Because active transcription may play a role in impeding de novo DNA methylation, we sequenced the GSTP1 minimal promoter in all tumor samples to look for genetic variations that could abrogate the binding of transcriptional activators or repressors identifying four SNPs. In silico analysis identified a binding site for c-Myb overlapping two of the variants. c-Myb is a transcription factor required for self-renewal of immature hematopoietic cells and also for the proliferation and correct development of various tissue-like smooth muscle cells and colonic epithelium tissue ( 32). It has been shown that the c-Myb protein is only expressed at detectable levels in ER-positive breast cancer cell lines ( 33) and breast tumors ( 34).
The in vitro experiments confirmed a possible role of c-Myb in transcriptional regulation of GSTP1 as less efficient binding of c-Myb was found when the respective binding sites were changed by the SNPs. The H Hap bound c-Myb better than the E Hap. Interestingly, the H allele is part of the haplotype that has a significantly lower degree of methylation suggesting that c-Myb binding to the H Hap could lead to less frequent methylation of this haplotype due to a more active transcription. This is in agreement with the theory of active transcription ( 35) where active transcription prevents DNA methylation. It is expected that binding differences observed in a favorable pure in vitro system will be more pronounced in a competitive in vivo situation. The two GSTP1 promoter haplotypes responded differently upon c-Myb induction in basal-like (ER negative) and luminal-like (ER positive) breast cancer cell lines. In the ME16C cell line, the two haplotypes performed similarly with the H Hap being the most active. This is in accordance with the EMSA experiments. In the MCF-7 cells, the E Hap is more active than the H Hap, and a small but significant direct c-Myb induction is seen only for the E-allele but not for the H-allele. Although Myb has been shown to be positively regulated by ER, this is probably not the only regulatory factor. If this was the case, we would probably not have seen a c-Myb induction in the ER-negative cells. c-Myb in turn is certainly not the only TF involved in the regulation of GSTP1, and our current interpretation is that Myb contributes to a methylation pattern together with other factors. How this occurs in detail needs further analysis. Because of the differences seen between the two cell lines, it is possible that c-Myb is in need of another protein partner to have effect on the GSTP1 promoter that is not present in MCF-7 but is present in ME16C. Alternatively, c-Myb itself may activate another transcription factor that is only inducible in the basal-like ME16C and not in the luminal-like MCF-7 cells. c-Myb-specific knockdown by siRNA led to decreased expression of GSTP1, showing that c-Myb may have a direct or indirect role in GSTP1 activation. Differences in transcriptional profiles in luminal and basal-like cell lines have been reported ( 36). Further studies in breast cancer cells are necessary to elucidate the discrete mechanisms of transactivation of GSTP1 and the TFs involved. Our results indicate that haplotype structure of a promoter sequence may be important for the extent of DNA methylation where the ATAAA repeat in combination with SNPs in certain haplotypes conferring differential transcriptional activity could lead to differences in de novo DNA methylation in breast tumors. This study is, to our knowledge, the first documented example of a connection between genetic polymorphisms that influence promoter activity that might in turn determine the extent of the epigenetic variation in tumorigenesis. Linear regression models pointed to the haplotype as the main determinant of methylation levels in the GSTP1 promoter. Further research is needed to determine if this interaction constitutes a single case or presents the first example of a biological mechanism of great importance applicable to a wide variety of (tumor suppressor) genes.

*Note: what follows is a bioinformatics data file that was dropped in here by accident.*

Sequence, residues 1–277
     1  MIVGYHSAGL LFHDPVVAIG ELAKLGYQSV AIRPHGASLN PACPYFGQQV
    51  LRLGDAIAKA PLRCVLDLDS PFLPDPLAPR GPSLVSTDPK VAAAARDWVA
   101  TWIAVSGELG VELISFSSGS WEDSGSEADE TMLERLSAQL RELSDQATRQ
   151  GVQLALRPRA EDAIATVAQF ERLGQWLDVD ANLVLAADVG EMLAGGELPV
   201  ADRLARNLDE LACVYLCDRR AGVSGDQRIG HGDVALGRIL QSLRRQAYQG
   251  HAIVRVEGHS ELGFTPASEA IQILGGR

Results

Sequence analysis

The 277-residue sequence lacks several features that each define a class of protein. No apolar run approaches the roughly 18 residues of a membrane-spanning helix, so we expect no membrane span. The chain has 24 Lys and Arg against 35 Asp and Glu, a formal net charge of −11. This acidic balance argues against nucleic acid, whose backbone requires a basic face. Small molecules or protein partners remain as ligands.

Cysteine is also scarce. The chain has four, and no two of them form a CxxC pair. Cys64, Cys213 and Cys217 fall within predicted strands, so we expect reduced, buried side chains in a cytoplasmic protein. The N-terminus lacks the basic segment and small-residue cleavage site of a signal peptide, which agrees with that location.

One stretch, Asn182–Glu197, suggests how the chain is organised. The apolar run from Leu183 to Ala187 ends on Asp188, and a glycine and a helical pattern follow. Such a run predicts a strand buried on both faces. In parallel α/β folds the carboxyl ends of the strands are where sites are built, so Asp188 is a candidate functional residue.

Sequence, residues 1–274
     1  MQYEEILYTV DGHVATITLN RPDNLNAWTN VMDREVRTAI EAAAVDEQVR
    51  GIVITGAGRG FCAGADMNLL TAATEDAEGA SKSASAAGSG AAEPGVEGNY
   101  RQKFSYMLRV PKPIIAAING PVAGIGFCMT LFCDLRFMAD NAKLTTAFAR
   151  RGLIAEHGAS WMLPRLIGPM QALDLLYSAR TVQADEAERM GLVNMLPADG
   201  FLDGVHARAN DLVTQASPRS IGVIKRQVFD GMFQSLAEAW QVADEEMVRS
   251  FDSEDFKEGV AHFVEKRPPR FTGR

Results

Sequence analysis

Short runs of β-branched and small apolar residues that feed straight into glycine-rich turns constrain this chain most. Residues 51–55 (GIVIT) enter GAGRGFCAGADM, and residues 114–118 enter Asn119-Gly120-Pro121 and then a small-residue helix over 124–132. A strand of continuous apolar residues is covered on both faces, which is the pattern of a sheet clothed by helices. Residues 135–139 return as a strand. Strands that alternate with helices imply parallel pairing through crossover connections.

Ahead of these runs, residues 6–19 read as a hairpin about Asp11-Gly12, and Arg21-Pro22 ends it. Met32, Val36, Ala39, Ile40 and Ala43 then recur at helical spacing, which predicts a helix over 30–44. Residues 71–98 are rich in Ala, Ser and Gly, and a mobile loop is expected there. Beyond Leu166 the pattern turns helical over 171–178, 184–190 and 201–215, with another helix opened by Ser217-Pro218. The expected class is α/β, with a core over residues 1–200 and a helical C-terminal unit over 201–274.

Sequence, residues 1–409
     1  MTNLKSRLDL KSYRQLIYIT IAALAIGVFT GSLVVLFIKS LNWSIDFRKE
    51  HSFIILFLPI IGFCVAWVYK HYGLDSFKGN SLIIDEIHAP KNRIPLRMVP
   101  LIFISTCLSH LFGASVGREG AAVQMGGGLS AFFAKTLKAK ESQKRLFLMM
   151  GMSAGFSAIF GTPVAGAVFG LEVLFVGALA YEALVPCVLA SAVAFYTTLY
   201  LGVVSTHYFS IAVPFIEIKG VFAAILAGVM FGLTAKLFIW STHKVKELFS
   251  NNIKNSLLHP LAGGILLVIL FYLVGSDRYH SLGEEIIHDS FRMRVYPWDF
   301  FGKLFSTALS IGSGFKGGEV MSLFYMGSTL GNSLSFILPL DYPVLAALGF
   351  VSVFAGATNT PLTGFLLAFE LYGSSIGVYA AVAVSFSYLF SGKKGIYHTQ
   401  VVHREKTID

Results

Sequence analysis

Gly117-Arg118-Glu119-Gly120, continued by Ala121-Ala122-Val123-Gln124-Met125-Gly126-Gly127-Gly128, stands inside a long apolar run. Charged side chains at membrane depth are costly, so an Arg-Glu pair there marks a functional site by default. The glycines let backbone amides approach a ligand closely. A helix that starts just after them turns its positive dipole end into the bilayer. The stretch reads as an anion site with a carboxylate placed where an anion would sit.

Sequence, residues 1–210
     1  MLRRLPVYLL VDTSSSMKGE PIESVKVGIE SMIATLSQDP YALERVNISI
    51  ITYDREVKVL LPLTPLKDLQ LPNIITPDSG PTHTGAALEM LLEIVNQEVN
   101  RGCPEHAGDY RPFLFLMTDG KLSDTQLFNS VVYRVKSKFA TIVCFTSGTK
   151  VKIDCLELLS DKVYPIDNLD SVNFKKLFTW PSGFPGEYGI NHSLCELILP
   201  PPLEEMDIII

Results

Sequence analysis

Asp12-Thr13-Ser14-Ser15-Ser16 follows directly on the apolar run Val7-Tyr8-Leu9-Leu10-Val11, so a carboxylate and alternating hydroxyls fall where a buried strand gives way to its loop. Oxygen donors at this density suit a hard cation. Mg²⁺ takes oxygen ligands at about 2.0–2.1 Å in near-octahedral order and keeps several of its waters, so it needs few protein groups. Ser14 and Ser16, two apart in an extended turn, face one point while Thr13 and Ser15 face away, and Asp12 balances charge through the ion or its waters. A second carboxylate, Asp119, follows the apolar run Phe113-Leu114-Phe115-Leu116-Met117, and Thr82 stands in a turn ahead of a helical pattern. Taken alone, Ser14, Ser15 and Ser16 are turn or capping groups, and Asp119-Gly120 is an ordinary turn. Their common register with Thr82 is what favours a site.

Disclosure of Potential Conflicts of Interest
No potential conflicts of interest were disclosed.
Grant support: D-03067 from The Norwegian Cancer Society (V.N. Kristensen), grant 152004/150 from The Functional Genomics Program of the Norwegian Research Council (V.N. Kristensen), and the French-Norwegian cooperation program Aurora grant 15842WE (J.A. Rønneberg, J. Tost, and V.N. Kristensen).
The costs of publication of this article were defrayed in part by the payment of page charges. This article must therefore be hereby marked advertisement in accordance with 18 U.S.C. Section 1734 solely to indicate this fact.
We thank Dr. Ida Bukholm for providing normal breast tissue.
Note: Supplementary data for this article are available at Cancer Research Online (http://cancerres.aacrjournals.org/).
J.A. Rønneberg is a fellow at the Faculty Division The Norwegian Radium Hospital, University of Oslo.
↵7 E.M. Brendeford et al., in preparation.
↵10 E.M. Brendeford et al., in preparation.
- Received October 11, 2007.
- Revision received April 24, 2008.
- Accepted May 7, 2008.
- ©2008 American Association for Cancer Research.